We tasted three years: '09, '10','11.The first was the '09 First Class Pinot Noir. Light and subtle, strawberry on the nose with a bit of dark chocolate with plum, dark cherry and mocha in the mouth. This wine will increase in complexity and mature in a few (3-4) years and will be even better that it is now.
Next, out of order, we tasted the '11. 2011 was a problematic years for many in the valley as it was an extremely late harvest year. Many I know harvested in November, one on the 17th! That said, if the hang time did anything, it increased the flavor profile of the grape while, due to the lack of heat, not adding the levels of alcohol. This one is a wine I would watch. See Wine Julia's take on Benton Lane's '11 harvest.
 In '07 people had disparaging things to say about the year and were dismissive of the wine. A friend in the Dundee hills said, in her very French accent "Buy all you can get! These people have no idea what they have!" so I did;). As any of you who know now realize, the phenolic chains and other components of the '07 have, in bottle and over time, developed in to an amazingly great wine! I still love going around to the little back woods stores and buy the post off '07's for $7 or$8 dollars!
Don't tell anyone!
So underestimate the '11 all you like: I will be buying it up and you can come see me in 5 years;)
Last and certainly not least was the award winning '10. This wine is still not mature and has a long way to grow before it has reached is peak but it is already a 93 in Wine Spectator so in a few years in the bottle, well, hold on to your hat!
The flavors in this one were amazing! Nose: hints of butterscotch and chocolate with mint/anise and hay/humus (forest floor, not food). The taste developed from dark cherry, cola, and plum, with a soft mouth-feel and a beautifully long finish. For much more on Benton Lane click here.
After the tasting we picked up our wine club wines and headed to town for a visit to Linda's favorite store Talbots at Oakway, where I dropped her off to play while I went to the Gallery at the Watershed to see if clients had decided on a large Lillian Almeida work. They had, so I went to out storage facility and selected a replacement.
After a little wait, and admiring Linda's selections, we were off to Market of Choice to stock up for the week. While we were at checkout a very sweet young woman came over and ask if I would like a sample of her chocolate. Indeed! I am always up for a taste of something new and in this case, I was astounded! This was possibly the best chocolate I have ever had the pleasure to try. Layers of flavors and complexity, like a really fine wine, swirled around in my mouth as my nose was teased by saffron and cardamom. Amazing! OMA is the name and she, Kara Blandi, is the creator. Available at Market of Choice in the chocolate section. Try some and see what you think. I think she has found a new level of taste in this wonderful concoction!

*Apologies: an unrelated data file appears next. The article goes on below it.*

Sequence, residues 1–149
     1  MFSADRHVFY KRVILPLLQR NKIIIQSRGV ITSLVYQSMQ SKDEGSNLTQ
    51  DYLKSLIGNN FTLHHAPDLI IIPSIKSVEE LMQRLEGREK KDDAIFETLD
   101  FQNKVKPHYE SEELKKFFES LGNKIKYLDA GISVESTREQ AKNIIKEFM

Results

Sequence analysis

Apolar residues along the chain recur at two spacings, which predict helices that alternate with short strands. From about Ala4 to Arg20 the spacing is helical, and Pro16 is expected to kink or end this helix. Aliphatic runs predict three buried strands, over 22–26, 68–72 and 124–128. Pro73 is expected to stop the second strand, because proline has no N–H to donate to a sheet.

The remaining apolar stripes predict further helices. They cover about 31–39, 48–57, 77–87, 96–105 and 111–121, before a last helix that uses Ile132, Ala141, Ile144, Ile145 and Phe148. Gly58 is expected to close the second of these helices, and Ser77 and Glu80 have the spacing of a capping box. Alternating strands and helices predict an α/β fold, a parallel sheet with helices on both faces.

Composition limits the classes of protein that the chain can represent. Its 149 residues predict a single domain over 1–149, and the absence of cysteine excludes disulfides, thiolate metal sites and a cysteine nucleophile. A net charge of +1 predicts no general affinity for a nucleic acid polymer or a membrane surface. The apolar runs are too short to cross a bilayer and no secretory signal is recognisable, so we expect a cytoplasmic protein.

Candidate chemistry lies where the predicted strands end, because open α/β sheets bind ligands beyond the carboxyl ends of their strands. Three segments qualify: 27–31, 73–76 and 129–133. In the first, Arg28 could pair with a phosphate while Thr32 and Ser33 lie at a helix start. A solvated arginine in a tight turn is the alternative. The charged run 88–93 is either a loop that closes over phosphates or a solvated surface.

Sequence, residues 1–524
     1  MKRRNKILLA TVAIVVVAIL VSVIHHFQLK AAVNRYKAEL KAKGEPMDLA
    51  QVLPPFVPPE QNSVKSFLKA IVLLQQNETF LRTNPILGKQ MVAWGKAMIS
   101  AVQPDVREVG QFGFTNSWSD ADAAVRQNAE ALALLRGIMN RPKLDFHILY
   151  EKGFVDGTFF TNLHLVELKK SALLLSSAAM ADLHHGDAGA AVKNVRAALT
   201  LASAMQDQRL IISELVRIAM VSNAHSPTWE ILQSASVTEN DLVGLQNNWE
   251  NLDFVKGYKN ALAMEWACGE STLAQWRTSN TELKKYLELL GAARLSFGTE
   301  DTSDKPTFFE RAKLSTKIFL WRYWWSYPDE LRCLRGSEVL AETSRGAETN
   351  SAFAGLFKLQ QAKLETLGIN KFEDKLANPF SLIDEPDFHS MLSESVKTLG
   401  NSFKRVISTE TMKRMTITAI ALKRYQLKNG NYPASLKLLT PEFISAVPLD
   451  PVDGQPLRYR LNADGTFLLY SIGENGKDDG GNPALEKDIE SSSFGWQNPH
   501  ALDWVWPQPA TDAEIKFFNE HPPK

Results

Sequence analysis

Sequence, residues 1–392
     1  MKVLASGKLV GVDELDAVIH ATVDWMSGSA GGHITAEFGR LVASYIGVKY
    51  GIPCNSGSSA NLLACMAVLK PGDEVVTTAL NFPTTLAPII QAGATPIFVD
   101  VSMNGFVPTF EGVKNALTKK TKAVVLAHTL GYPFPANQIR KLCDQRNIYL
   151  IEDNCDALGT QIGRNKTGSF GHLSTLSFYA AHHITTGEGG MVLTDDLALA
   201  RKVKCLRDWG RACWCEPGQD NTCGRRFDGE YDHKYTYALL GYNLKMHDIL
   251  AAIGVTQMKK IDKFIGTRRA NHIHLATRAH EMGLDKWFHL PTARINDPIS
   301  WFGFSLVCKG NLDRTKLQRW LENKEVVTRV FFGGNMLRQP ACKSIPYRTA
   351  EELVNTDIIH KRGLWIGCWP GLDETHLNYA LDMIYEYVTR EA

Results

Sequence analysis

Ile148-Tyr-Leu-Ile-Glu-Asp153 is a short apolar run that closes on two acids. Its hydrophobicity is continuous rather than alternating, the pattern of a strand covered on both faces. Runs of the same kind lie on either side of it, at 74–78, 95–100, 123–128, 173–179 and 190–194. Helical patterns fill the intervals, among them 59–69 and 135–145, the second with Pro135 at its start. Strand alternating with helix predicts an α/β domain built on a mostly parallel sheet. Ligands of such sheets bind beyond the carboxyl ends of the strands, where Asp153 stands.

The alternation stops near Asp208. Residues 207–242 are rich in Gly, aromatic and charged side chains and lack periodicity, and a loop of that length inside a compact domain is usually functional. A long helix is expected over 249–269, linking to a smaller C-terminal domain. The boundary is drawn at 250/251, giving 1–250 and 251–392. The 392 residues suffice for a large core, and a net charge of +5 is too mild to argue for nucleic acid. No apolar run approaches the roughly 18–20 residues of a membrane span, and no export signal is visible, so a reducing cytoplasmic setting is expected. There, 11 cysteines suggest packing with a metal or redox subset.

So all in all a great day of sunshine, sold art, great wines, great chocolate, and new clothes for Linda, with a nice dinner on the deck finished off with Ghost Hill '11 Rose' ( a must have for warm afternoons in the sun). Made by my best friend Rebecca, this is an all star Rose' that can NOT be missed!
Signing off: Lunch at King Estate coming in a couple of hours!

Thursday, May 2, 2013

Happy Wine Month!

Oregon has chosen May as Oregon Wine Month and we at The Gallery at the Watershed will be doing tastings to help celebrate. Ghost Hill will be coming down and we will have a couple of locals during the month. I will post the dates and times.
Celebrate by visiting one of our wonderful Oregon Wineries!
Check out some of the possibilities:

Wednesday, May 1, 2013

NEW in Eugene,The Cannery

Met with some relatives from other branches of the tree dating back to the 1700's last night and has a great time comparing histories.. Nice night, but the best part was discovering The Cannery! Though it has slightly more charm than the mess hall of your local gulag, an all black landscape, and little color, it DOES have great food! Admittedly I was put off by the starkness (they would do well to utilize a little local floral enhancement to break the noir de noir interior) but the food was a real surprise. I had one of, if not the BEST chicken sandwiches EVER! Everyone else was well pleased by the fare. I would make another small suggestion: tasting menu for the beers. Small glass tastes of say 5 of the beers of your choice. Great way to show off product and not lose money and time on individual tastes. Just a thought.
They have a 20 beer selection and lots of locals:Ninkasi, Oakshire, etc and they have HUB out of Portland. They also have a full bar and a Happy Hour till six.
Try it out and see what you think. We WILL be back!